Quick Takes: The Space for Nonpartisanship Has Evaporated

A roundup of news that caught my eye today.

* Jonathan Rauch and Benjamin Wittes make a powerful and compelling argument.

We have both spent our professional careers strenuously avoiding partisanship in our writing and thinking. We have both done work that is, in different ways, ideologically eclectic, and that has—over a long period of time—cast us as not merely nonpartisans but antipartisans. Temperamentally, we agree with the late Christopher Hitchens: Partisanship makes you stupid. We are the kind of voters who political scientists say barely exist—true independents who scour candidates’ records in order to base our votes on individual merit, not party brand.

This, then, is the article we thought we would never write: a frank statement that a certain form of partisanship is now a moral necessity. The Republican Party, as an institution, has become a danger to the rule of law and the integrity of our democracy. The problem is not just Donald Trump; it’s the larger political apparatus that made a conscious decision to enable him. In a two-party system, nonpartisanship works only if both parties are consistent democratic actors. If one of them is not predictably so, the space for nonpartisans evaporates. We’re thus driven to believe that the best hope of defending the country from Trump’s Republican enablers, and of saving the Republican Party from itself, is to do as Toren Beasley did: vote mindlessly and mechanically against Republicans at every opportunity, until the party either rights itself or implodes (very preferably the former).

* On a potential government shutdown, Trump basically says, “bring it on.”

* Here is the president’s chief of staff talking about Dreamers:

Kelly called Trump’s endorsement of legalizing a larger pool of [Dreamers] “stunning and no one expected it.”

“There are 690,000 official DACA registrants and the president sent over what amounts to be two and a half times that number, to 1.8 million,” he said. “The difference between [690,000] and 1.8 million were the people that some would say were too afraid to sign up, others would say were too lazy to get off their asses, but they didn’t sign up.”

I’m going to let Joy Reid handle that one.

* Remember the federal judge that Trump suggested couldn’t be impartial because he was “Mexican?” He’s baaaack.

District Judge Gonzalo Curiel, who was targeted by the president while he was the judge of a class-action lawsuit against the president’s now-defunct Trump University, will on Friday hear the case brought by the state of California, some environmental groups and Rep. Raúl Grijalva , D-Ariz. It challenges waivers that were given to the federal branch more than 10 years ago to bypass some federal and state laws for border security.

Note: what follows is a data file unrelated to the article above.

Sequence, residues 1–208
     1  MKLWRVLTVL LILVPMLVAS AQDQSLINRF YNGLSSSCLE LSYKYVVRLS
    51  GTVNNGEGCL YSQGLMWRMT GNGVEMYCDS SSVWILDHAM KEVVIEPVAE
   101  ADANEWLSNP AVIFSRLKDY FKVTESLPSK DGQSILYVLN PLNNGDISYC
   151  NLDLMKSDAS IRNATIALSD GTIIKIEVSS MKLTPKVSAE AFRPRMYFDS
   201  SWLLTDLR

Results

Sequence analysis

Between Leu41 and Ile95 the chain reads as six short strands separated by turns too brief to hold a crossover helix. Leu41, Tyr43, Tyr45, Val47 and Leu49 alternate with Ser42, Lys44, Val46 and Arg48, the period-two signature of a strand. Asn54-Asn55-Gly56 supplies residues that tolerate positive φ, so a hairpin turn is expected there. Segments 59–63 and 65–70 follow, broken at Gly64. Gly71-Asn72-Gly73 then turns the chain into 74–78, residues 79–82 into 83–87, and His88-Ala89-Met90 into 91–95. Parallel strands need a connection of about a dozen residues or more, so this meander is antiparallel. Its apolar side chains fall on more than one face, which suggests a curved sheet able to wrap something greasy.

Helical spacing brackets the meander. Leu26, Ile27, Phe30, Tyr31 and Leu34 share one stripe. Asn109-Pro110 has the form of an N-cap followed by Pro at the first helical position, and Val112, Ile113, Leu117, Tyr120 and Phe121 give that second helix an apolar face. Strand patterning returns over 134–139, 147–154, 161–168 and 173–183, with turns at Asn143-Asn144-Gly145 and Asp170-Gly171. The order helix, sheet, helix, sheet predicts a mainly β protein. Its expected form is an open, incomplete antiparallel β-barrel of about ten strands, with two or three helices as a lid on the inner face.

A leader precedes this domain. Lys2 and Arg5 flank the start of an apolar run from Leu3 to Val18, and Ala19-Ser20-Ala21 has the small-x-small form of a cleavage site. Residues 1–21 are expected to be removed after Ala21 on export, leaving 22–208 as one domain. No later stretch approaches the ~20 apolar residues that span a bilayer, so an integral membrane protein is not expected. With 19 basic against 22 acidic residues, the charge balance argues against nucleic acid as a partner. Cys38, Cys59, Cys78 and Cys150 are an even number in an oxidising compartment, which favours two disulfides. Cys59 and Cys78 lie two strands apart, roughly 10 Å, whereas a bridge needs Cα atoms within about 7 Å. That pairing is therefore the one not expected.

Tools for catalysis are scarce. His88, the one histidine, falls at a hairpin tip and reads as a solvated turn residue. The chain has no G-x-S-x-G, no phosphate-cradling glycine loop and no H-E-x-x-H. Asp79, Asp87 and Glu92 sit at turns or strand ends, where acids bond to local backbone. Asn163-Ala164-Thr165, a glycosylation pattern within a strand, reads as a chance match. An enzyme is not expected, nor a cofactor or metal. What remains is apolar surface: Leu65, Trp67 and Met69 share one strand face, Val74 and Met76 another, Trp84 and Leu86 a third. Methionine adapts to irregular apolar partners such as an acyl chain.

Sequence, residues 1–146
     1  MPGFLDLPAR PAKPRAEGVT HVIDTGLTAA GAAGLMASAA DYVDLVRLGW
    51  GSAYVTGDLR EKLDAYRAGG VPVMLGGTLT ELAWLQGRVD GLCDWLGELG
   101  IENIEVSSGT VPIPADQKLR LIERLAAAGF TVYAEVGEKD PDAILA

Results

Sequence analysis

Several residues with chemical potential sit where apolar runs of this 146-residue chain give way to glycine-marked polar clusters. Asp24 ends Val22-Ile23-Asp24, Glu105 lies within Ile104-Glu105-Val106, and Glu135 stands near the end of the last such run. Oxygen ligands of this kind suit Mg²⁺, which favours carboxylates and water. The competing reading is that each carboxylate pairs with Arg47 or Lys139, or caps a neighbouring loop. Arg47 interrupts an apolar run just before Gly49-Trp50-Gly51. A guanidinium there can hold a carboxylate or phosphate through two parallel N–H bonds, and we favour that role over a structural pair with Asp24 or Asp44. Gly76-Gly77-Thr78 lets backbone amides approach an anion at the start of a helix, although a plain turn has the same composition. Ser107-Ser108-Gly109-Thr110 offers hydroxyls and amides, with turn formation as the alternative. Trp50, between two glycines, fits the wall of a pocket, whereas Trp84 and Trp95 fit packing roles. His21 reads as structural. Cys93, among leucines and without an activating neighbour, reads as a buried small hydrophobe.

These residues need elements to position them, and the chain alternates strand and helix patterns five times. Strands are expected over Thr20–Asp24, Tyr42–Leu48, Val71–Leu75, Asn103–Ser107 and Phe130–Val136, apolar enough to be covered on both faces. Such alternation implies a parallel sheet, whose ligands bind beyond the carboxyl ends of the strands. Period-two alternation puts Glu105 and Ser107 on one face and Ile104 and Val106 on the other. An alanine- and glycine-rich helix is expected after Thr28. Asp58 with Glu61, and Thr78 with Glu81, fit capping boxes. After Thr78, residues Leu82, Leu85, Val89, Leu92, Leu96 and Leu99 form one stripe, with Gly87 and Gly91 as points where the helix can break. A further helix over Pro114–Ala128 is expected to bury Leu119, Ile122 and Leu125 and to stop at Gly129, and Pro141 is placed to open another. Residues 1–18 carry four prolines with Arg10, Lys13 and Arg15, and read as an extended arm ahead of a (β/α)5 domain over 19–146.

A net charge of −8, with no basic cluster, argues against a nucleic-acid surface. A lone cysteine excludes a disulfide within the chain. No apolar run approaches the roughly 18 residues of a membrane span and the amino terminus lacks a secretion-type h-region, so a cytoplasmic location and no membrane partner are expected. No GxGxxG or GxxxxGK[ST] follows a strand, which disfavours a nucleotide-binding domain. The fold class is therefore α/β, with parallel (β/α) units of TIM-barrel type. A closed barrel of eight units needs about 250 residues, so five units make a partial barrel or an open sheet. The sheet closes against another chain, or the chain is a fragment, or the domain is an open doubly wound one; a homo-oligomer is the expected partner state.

The case, which was initially three separate lawsuits before being consolidated by Curiel, represents a substantial legal challenge to the construction of Trump’s potential border wall.

* The Trump administration seems to be running into some problems when it comes to re-negotiating NAFTA.

Even as the Trump administration continues to try to compel its neighbors to accept a revised trade deal on its own terms, Canada and Mexico are forging ahead with new trade pacts of their own. That’s a sign of how much the global economy has changed since NAFTA was written a quarter-century ago, and of continued global momentum for multilateral free trade agreements despite President Donald Trump’s “America first” trade skepticism.

Canada and Mexico signed on last week to a new Trans-Pacific Partnership with nine other Pacific Rim nations, a massive trade pact that doesn’t include the United States after Trump withdrew soon after taking office. Last fall, Canada’s trade accord with the European Union went into effect — something the United States has yet to achieve. Mexico expects to revise its own trade deal with the European Union this spring.

And Mexico and Canada are both taking part in yet another free trade bloc, the Pacific Alliance, which now encompasses Colombia, Peru, Chile, Singapore, Australia, and New Zealand…

The Trump administration “thinks they have more leverage than they do, and they are overplaying their hand,” said Antonio Ortiz-Mena, a former Mexican trade negotiator now at the Albright Stonebridge Group. “Mexico does have other options — they may not be ideal, but they’re options that weren’t available 25 years ago.”

* Garrett Graff has a great rundown of the known knowns about the Mueller investigation. He assesses the five different “buckets” of the probe.

1. Preexisting Business Deals and Money Laundering.
2. Russian Information Operations.
3. Active Cyber Intrusions.
4. Russian Campaign Contacts.
5. Obstruction of Justice.

* Finally, this seems like a good day to end with “Afro Blue” performed by Esperanza Spalding.

Nancy LeTourneau

Nancy LeTourneau is a contributing writer for the Washington Monthly.